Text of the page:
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Bail denied for UC Davis Chinese researcher as judge finds defendant a flight risk

Sam Stanton, The Sacramento Bee on

Published in News & Features

SACRAMENTO, Calif. -- A federal magistrate judge denied a request Friday to release on bail a former Chinese researcher at the University of California, Davis who has been accused of lying about her ties to China's military and Communist Party to gain access to the United States.

"I just don't see sufficient conditions to overcome flight risk," U.S. Magistrate Judge Deborah Barnes said in ordering continued detention of Juan Tang. "She would have every reason to leave."

Tang, 37, has been held without bail at the Sacramento County Main Jail since July 23, after she was arrested by FBI agents when she emerged from hiding in the Chinese consulate in San Francisco and went to visit a doctor, authorities say.

Tang had been considered a fugitive who sought refuge for a month inside the consulate after being questioned June 20 at her Davis apartment by FBI agents.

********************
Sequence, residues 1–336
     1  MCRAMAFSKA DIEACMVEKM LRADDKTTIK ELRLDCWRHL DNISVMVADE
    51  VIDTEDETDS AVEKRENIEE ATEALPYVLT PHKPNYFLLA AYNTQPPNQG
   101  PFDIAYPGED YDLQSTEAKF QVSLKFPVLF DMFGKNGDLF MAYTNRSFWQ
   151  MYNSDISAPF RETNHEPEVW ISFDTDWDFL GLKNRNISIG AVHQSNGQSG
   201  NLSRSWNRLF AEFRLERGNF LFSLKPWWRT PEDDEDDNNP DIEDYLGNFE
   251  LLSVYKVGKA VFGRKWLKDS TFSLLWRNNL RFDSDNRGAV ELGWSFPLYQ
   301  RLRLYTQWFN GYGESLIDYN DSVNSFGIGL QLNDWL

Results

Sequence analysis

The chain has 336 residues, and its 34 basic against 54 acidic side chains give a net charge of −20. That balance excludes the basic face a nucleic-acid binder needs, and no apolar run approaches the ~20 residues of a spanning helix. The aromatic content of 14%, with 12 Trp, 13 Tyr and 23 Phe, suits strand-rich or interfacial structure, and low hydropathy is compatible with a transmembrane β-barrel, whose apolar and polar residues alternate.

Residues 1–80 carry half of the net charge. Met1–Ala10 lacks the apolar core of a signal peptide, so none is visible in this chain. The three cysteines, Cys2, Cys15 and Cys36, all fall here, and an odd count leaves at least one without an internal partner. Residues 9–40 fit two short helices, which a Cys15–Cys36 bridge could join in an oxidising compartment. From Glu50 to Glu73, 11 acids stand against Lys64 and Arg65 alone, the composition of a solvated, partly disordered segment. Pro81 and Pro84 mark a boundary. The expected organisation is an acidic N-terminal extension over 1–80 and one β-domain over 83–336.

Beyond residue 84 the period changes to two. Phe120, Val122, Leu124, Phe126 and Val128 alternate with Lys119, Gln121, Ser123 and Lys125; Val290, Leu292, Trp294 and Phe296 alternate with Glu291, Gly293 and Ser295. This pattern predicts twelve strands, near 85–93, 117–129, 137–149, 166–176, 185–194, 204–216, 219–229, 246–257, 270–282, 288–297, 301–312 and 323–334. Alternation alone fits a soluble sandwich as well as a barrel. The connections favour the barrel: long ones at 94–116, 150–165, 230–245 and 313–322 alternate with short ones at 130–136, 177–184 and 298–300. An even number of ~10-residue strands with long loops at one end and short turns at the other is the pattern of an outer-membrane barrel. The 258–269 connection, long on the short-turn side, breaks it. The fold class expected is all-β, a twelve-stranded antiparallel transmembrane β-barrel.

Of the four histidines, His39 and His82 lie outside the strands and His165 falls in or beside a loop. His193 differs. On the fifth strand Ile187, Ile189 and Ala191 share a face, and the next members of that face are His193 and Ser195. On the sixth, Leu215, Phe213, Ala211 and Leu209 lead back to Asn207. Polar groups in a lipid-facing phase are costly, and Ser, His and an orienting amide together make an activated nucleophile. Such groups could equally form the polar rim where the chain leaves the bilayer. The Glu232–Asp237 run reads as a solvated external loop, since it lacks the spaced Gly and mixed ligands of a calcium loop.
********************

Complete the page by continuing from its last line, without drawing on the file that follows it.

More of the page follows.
The Justice Department says Tang is one of several researchers from China who received visas to conduct research at some of the most prestigious universities in the United States. But the department says Tang and the others lied about their backgrounds, falsely claiming to have no ties to China's People's Liberation Army-Air Force, or PLAAF or the Communist Party.

Tang's federal defender, Alexandra Negin, has argued that she is not a flight risk and that the FBI had seized her passport in June, which prompted her to seek help from consular officials.

 

Negin said Tang was willing to wear a monitoring device and be placed on home arrest pending trial.

But prosecutors have painted a much darker view of her activities, saying she lied on her visa application, misled FBI agents who questioned her and tried unsuccessfully to delete some of the information stored on her electronic devices.

"Tang is an active duty member of the Chinese military's scientific community, who lied to gain entry into the United States, attempted to destroy evidence, and lied extensively to the FBI when interviewed," Assistant U.S. Attorney Heiko Coppola wrote in advance of Friday afternoon's hearing. "It also appears that Tang's present case is not an isolated instance of Chinese military members unlawfully gaining admission to the United States through visa fraud.

"Because she is a serious flight risk, the court should order Tang's continued detention during the pendency of this criminal case."

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